Detroit offers to reconnect Flint to its water system, but Flint
leaders insist the water is safe.
Sept. 24, 2015:
A group of doctors urges Flint to stop using the Flint River
after finding high levels of lead in children's blood. State
regulators insist the water is safe.
Sept. 29, 2015:
Then-Gov. Rick Snyder pledges to take action in response
to the lead levels—the first acknowledgment by the state that
lead is a problem.
Snyder announces the state will spend $1 million to buy water
filters and test water in Flint public schools, and days later
calls for Flint to go back to using water from Detroit's system.
Dec. 29, 2015:
Snyder accepts the resignation of Department of Environmental
Quality Director Dan Wyant and apologizes for what
occurred in Flint.
Jan. 5, 2016:
Snyder declares a state of emergency in Flint, the same day
federal officials confirm they are investigating. A week later,
the Michigan National Guard begins helping to distribute bottled
water and filters.
Jan. 14, 2016:
Snyder, a Republican, asks the Obama administration for a major
disaster declaration and more federal aid. The White House
provides aid and an emergency declaration on Jan. 16, but not
the disaster declaration.
Jan. 15, 2016:
Then-Michigan Attorney General Bill Schuette begins an
March 23, 2016:
A governor-appointed panel concludes that the state of Michigan
is ``fundamentally accountable'' for the crisis because of
decisions made by environmental regulators.
April 20, 2016:
Two state officials and a local official are charged with
evidence tampering and other crimes in the state attorney
general's investigation—the first charges to come from the
Aug. 14, 2016:
The federal emergency declaration ends, but state officials say
work continues to fix the drinking water system.
Dec. 10, 2016:
Congress approves a wide-ranging bill to authorize water
projects across the country, including $170 million to address
lead in Flint's drinking water.
Dec. 16, 2016:
Congressional Republicans close a yearlong investigation,
faulting both state officials and the Environmental Protection
Dec. 20, 2016:
Schuette charges former emergency managers Darnell Earley
and Gerald Ambrose with multiple felonies for their
failure to protect Flint residents from health hazards caused by
contaminated water. He also charges Earley, Ambrose and two
Flint city employees with felony counts of false pretenses and
conspiracy to commit false pretenses in the issuance of bonds to
pay for part of the water project that led to the crisis.
Feb. 17, 2017:
The Michigan Civil Rights Commission issues a report that
finds ``systemic racism'' is at the core of problems that caused
the water crisis in the majority Black city.
March 27, 2017:
Water lines in Flint homes will be replaced under a landmark
deal approved by a judge.
June 14, 2017:
Michigan Health and Human Services Director Nick Lyon is
accused of failing to alert the public about an outbreak of
Legionnaires' disease in the Flint area that some experts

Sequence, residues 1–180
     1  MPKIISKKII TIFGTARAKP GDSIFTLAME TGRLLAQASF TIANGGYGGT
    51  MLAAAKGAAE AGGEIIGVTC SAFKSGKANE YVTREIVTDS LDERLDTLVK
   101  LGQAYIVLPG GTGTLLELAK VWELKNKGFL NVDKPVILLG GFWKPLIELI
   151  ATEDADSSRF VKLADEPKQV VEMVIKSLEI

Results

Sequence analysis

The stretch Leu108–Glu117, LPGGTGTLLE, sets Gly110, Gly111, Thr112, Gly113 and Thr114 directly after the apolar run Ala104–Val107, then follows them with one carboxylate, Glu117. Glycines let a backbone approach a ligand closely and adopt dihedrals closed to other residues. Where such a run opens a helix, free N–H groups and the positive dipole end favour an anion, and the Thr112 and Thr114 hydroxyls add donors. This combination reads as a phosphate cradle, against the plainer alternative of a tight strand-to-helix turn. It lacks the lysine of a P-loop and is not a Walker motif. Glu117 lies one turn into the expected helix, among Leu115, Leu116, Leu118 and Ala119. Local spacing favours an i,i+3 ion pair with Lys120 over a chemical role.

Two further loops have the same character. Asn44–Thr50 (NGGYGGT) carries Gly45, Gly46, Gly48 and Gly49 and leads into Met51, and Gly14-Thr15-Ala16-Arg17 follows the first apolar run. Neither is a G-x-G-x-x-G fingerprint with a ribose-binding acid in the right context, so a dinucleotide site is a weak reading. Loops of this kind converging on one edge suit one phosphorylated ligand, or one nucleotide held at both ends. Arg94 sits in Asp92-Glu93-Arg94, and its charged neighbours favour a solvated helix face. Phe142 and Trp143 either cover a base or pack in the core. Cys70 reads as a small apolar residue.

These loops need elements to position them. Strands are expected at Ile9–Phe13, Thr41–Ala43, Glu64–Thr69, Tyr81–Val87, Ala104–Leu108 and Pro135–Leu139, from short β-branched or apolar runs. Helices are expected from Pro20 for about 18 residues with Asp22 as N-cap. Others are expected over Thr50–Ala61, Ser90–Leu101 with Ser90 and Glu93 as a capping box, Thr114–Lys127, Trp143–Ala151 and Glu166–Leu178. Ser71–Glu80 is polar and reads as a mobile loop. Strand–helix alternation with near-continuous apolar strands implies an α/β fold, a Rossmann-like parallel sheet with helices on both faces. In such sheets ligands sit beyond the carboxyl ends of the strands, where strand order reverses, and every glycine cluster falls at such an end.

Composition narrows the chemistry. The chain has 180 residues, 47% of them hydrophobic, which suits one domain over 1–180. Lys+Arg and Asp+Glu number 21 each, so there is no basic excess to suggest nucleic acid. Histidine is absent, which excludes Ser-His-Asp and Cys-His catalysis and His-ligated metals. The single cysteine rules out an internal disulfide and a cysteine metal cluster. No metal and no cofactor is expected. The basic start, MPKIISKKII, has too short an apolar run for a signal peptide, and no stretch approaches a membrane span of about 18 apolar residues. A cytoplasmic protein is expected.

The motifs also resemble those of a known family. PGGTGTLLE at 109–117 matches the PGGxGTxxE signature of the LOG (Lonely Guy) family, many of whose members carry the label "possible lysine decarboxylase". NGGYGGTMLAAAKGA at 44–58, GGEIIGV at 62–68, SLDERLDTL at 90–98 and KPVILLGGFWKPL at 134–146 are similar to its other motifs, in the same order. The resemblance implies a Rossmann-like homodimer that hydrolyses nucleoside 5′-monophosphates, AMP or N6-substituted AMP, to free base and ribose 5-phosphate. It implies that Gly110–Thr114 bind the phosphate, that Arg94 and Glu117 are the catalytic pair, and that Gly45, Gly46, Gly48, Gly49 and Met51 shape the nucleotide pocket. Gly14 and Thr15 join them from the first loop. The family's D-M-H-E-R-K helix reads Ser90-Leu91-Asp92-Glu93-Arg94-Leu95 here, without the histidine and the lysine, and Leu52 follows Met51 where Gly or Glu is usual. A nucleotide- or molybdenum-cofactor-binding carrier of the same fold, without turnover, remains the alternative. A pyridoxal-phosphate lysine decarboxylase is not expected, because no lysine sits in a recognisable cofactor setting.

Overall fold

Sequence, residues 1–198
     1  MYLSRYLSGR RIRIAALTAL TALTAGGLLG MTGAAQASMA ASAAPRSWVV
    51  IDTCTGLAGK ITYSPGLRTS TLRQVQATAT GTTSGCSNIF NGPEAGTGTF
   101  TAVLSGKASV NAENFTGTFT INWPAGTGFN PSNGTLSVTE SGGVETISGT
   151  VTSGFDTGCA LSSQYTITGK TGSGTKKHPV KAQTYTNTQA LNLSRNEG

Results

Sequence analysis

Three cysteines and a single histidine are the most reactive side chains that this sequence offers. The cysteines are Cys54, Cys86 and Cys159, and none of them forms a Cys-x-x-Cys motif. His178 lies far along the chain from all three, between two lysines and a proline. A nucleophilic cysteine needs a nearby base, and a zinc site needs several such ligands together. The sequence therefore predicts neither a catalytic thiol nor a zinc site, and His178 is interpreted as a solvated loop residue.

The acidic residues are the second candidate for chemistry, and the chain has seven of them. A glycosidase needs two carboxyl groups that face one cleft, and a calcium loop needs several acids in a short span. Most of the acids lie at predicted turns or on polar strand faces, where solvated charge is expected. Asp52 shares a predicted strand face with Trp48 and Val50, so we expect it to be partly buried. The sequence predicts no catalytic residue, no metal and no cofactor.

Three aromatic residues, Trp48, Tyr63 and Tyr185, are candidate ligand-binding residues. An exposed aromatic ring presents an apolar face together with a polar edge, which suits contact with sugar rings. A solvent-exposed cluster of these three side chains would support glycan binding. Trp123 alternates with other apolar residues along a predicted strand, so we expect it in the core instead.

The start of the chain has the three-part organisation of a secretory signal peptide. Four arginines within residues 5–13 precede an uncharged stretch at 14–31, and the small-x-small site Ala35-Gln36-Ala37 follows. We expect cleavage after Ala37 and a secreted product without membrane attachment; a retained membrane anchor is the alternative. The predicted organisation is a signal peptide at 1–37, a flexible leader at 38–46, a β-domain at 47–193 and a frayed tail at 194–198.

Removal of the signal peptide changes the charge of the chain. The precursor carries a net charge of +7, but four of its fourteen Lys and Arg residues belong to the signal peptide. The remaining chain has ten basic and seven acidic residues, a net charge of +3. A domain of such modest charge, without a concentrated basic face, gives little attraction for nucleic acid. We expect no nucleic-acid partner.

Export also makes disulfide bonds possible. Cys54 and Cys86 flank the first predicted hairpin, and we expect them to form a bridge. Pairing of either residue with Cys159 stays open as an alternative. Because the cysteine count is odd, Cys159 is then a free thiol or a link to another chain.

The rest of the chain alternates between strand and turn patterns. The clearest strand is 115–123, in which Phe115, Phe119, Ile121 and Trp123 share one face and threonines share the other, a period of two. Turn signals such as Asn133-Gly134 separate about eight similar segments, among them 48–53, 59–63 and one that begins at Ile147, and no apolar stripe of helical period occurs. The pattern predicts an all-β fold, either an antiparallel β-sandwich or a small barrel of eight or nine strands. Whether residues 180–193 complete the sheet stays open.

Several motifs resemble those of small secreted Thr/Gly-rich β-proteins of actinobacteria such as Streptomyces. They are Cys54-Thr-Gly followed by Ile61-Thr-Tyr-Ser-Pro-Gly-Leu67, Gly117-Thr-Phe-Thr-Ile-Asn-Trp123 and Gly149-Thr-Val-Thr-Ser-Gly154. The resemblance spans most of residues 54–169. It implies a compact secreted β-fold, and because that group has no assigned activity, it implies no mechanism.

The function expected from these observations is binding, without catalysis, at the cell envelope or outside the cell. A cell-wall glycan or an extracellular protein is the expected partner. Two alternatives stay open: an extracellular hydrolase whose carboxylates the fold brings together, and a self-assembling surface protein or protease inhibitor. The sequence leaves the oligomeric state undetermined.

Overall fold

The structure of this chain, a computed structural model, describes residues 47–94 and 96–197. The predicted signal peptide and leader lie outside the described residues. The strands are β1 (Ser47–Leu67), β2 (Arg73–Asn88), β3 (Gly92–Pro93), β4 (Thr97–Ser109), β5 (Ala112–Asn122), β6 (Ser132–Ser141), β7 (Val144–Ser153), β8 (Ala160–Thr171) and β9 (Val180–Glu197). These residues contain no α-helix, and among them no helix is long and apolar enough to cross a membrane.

believe resulted from the poorly treated water. He and four
others are charged with involuntary manslaughter. The state's
chief medical officer, Dr. Eden Wells, is charged with
obstruction of justice and lying to an investigator.
Snyder ends Flint water distribution, saying the city's tap
water has improved.
July 19, 2018:
A federal watchdog calls on the EPA to strengthen its oversight
of state drinking water systems nationwide and to respond more
quickly to public health emergencies like Flint's. The EPA says
it agrees with the inspector general's recommendations and is
adopting them ``expeditiously.''
Jan. 7, 2019:
Liane Shekter Smith, Michigan's former drinking water
regulator, pleads no contest to a misdemeanor—disturbance of a
lawful meeting—in the Flint water investigation. Smith had been
facing felony charges, including involuntary manslaughter.
April 16, 2019:
Todd Flood, a special prosecutor who spent three years
leading a criminal investigation of the Flint water scandal, is
fired in the fallout from the discovery of 23 boxes of records
in the basement of a state building.
June 13, 2019:
Prosecutors drop all criminal charges against eight people in
the Flint water scandal and pledge to start the investigation
from scratch. Solicitor General Fadwa Hammoud, who took
control of the investigation in January 2019 after the election
of a new attorney general, says ``all available evidence was not
pursued'' by the previous team of prosecutors.
July 29, 2020:
The Michigan Supreme Court says Flint residents whose
health and homes were harmed can proceed with a lawsuit against
officials for decisions that caused the scandal, a crucial
procedural step in long-running litigation.
Aug. 20, 2020:
A $600 million deal between the state and residents of Flint
harmed by lead-tainted water is announced after more than two
years of negotiations.
Jan. 13-14, 2021:
Former Michigan Gov. Rick Snyder is charged with misdemeanors,
and his health director and other ex-officials are charged with
various misdemeanors and felonies after a new investigation of
the Flint water scandal.